Papers of particular interest, published within the annual period of review, have been highlighted as:
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Abstract evaluating the independent impact of postoperative reintubation, pneumonia, pulmonary edema, respiratory failure, postoperative desaturation, and atelectasis on patient-centered adverse outcomes.
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Observational cohort study highlighting the independent and additive association of AKI, sepsis, and acute respiratory failure on patient mortality.
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Retrospective cohort study demonstrating the utility of sarcopenia assessment to predict postoperative respiratory complications (PRCs). Sarcopenia was assessed using metrics such as low muscle mass and low physical function.
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A prospective, observational cohort study revealing that sarcopenia diagnosed by bedside ultrasound can predict adverse discharge disposition (discharge to a nursing home or in-house mortality) as well as frailty in the surgical ICU setting. As novice operators were able to accurately perform the measurements, this modality could be utilized as a novel predictive biomarker.
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Review that emphasizes implementation of a clinical algorithm to provide optimal care of surgical patients with obstructive sleep apnea.
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Prospectively designed observational outcomes study showing an association of decreased rates of pulmonary edema, respiratory failure, pneumonia, and reintubation with the use of lung protective mechanical ventilation [defined as a positive end-expiratory pressure (PEEP) of 5 cmH2O and plateau pressure of 16 cmH2O or less].
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Observational study suggesting that PEEP at least 5 cmH2O should be used during major abdominal surgery as this range of settings decreased the risk of PRCs. In craniotomy patients, PEEP did not have the same protective benefit.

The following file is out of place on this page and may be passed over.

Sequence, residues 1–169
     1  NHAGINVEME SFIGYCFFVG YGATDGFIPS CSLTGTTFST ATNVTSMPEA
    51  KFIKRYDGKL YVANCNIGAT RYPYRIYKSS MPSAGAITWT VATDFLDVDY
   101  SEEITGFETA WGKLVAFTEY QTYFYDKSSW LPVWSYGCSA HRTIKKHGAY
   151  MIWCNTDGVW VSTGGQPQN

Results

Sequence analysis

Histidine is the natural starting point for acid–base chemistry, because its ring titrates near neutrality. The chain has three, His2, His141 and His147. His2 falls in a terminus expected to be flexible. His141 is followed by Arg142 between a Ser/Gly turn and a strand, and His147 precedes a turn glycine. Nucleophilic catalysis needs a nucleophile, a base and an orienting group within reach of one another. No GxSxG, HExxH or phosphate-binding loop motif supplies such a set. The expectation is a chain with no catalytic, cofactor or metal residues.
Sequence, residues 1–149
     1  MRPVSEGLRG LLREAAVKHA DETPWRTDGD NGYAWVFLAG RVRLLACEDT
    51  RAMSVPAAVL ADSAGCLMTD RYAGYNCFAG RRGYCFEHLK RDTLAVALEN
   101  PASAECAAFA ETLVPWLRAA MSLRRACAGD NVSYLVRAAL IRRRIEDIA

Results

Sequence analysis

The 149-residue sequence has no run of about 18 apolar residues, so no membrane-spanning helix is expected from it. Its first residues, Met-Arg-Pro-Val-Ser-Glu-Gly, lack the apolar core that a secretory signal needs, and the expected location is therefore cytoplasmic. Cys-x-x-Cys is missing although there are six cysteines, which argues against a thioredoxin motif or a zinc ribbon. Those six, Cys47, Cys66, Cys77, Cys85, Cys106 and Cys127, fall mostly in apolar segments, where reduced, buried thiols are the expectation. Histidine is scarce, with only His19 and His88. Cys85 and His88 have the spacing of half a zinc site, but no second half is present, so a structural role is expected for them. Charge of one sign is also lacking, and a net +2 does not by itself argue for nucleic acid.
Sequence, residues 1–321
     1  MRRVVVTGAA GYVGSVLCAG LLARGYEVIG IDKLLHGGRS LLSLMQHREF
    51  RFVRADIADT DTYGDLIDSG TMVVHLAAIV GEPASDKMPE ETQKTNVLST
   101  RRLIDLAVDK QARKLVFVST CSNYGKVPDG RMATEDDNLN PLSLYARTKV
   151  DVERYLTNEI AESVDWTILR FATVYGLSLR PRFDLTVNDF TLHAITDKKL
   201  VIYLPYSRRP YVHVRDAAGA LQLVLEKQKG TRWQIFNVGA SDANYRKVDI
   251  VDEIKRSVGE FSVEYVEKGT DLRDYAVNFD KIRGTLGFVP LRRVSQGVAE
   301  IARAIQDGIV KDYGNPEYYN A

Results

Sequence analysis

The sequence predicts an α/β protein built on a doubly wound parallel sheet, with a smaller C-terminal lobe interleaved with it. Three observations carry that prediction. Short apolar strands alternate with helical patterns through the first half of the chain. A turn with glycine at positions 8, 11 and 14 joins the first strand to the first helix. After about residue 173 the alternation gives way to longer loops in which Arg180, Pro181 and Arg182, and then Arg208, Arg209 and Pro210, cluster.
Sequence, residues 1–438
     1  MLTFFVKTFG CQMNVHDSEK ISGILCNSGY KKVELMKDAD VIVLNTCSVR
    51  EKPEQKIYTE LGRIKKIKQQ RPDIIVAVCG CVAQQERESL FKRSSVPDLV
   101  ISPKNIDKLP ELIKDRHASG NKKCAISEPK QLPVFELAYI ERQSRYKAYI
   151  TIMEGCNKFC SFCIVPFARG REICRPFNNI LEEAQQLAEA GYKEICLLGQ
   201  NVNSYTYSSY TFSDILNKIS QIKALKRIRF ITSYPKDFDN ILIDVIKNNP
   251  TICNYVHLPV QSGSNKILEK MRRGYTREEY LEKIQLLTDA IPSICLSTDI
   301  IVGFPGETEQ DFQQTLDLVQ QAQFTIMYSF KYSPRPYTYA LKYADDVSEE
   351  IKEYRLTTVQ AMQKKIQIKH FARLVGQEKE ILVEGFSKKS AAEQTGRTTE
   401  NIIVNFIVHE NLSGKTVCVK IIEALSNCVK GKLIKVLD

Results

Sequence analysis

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Prospective, crossover, nonrandomized interventional study in medical and surgical ICUs showing that a recruitment maneuver followed by PEEP titration (in the range of ∼12 cmH2O) can improve respiratory mechanics in morbidly obese patients.
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Prospectively designed outcomes study demonstrating the dose-dependent protective effect of inhalational anesthetics (volatile anesthetics and nitrous oxide) on development of PRCs.
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Prospectively designed observational outcomes study showing a dose-dependent increased risk of PRCs associated with the use of neuromuscular blocking agents as well as neostigmine, but suggests elimination of that risk with proper use of neostigmine reversal using neuromuscular transmission monitoring.
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A randomized, controlled study showing that sugammadex reduces residual neuromuscular blockade and shortens the time from drug administration to operating room discharge.
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Retrospective, multi-institutional outcomes study showing that laparoscopic liver resection is associated with decreased postoperative pulmonary complications compared with open major hepatectomy.
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Abstract presentation of an outcomes study showing that appropriate, well selected postoperative discharge to an ICU vs. floor admission improves multiple patient outcomes, including PRCs.
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Multicentric, international, randomized controlled trial showing beneficial effects of early, goal-directed mobilization, and the importance of closed-loop communication in surgical ICU patients.